Ecuador Steps Closer to Historic Climate Change Deal
An agreement between the government of Ecuador, the United Nations, and industrialized countries concerned about the causes of climate change could protect one of the worldâs most biodiverse tracts of rainforest while keeping 846 million barrels of oil safe in the ground. Though the idea has been years in the works, Ecuador recently moved a step closer to finalizing a deal that could set a precedent for developing countries around the world. If all goes according to plan, industrialized countries like Germany and Spain will be paying Ecuador to leave a fifth of its sizable oil reserves undeveloped, preventing carbon emissions and protecting a wealth of plant and animal species in the countryâs Yasuni National Park.
For years the administration of Ecuadorian President Rafael Correa has been struggling with a dilemma: how to protect the South American nationâs incredible biodiversity and contribute to the fight against climate change while growing economically in a country where oil makes up 60% of national exports. In 2007 President Correa hit on a partial solution. That year the government of Ecuador approached the United Nations, offering to leave hundreds of millions of barrels of oil in the ground underneath Yasuni National Park if industrialized countries would pay Ecuador half the market value of the oil in compensationâa figure estimate at $3.6 billion.
Perhaps the most obvious benefit of the deal is it would prevent about a fifth of Ecuadorâs oil reserves from being extracted, burned, and contributing to climate change. Yet the climate impacts of the plan go even further, because protecting Yasuni Park would prevent deforestation that also contributes to the causes of climate change. The protected forest also holds other types of value: not only is the Ecuadorean Amazon one of the most biodiverse forests in the world, Yasuni National Park is home to two of the last remaining un-contacted indigenous tribes in the world.
Unsurprisingly, when the plan was first proposed industrialized countries were quicker to praise the idea in theory than they were to actually offer up funds to make it work. However European countries like Germany, Spain, France, and Belgium have all come forward and said they would contribute, the crucial missing link being establishment of an independent United Nations trust fund to watch over distribution of the money. That final piece fell into place last week, making prospects for the projectâs success very good. If industrialized countries follow through on their pledges, Ecuador could soon begin receiving funds designed to help it leave oil under Yasuni Park undeveloped.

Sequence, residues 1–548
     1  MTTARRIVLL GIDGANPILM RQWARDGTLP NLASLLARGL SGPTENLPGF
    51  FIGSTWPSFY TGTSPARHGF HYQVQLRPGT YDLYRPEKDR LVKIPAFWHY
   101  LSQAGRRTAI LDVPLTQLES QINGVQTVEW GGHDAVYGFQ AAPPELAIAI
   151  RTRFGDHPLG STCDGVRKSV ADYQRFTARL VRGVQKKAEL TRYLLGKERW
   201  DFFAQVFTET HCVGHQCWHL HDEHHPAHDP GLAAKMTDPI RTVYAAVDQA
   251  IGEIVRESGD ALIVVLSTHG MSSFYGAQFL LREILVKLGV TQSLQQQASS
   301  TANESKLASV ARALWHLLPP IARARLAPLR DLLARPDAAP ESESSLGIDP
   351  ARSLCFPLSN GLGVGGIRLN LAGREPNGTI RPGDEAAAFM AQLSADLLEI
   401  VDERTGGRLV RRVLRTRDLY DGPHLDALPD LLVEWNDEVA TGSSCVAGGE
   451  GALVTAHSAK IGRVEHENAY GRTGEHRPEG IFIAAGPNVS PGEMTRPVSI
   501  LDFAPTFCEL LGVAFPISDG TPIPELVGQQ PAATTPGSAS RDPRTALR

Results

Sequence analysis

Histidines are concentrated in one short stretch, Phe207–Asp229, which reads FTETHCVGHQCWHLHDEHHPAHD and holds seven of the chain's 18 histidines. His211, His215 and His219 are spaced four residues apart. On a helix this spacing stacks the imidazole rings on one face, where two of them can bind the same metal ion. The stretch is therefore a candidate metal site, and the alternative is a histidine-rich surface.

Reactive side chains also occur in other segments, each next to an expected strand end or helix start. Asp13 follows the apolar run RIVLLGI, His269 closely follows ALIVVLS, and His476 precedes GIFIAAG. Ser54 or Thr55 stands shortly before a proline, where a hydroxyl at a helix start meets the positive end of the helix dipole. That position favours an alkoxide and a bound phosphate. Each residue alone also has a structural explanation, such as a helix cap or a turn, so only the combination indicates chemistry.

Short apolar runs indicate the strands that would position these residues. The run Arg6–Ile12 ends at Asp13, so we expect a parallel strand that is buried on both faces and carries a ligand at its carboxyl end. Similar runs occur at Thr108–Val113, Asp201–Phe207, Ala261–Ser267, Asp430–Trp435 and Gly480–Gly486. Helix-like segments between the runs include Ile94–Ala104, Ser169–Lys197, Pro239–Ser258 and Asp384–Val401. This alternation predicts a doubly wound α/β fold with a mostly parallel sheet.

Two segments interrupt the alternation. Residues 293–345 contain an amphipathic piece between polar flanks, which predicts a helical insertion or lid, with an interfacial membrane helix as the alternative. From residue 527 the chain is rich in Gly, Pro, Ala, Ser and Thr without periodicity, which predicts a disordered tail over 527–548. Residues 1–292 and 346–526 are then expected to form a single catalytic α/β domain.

Ecuadorean leaders say the money received from rich countries will go to help Ecuador develop a clean energy economy and reduce its carbon emissions still further while enabling sustainable economic development. If a country that has relied so long on exploiting its oil reserves can break its dependence on fossil fuels in this way, it could pave the way for similar initiatives in other countries. Nearby nations like Peru, which is moving fast to develop oil reserves at great expense to tropical biodiversity, might begin to think twice before taking their oil out of the ground.
Further, a successful partnership to save Ecuadorâs rainforest and keep carbon emissions out of the air would help demonstrate the international cooperation to prevent climate change is possible. Agreements like that being brokered by Ecuador are just a small part of the kind of international framework needed to truly prevent catastrophic climate change. But implementation of President Correaâs bright idea could inject a much-needed note of optimism into international climate talks this year and beyond.
Photo credit: lana.japan on Flickr
Nick Engelfried is a freelance writer on climate and energy issues, and works with campuses and communities in the Pacific Northwest to reduce the causes of climate change.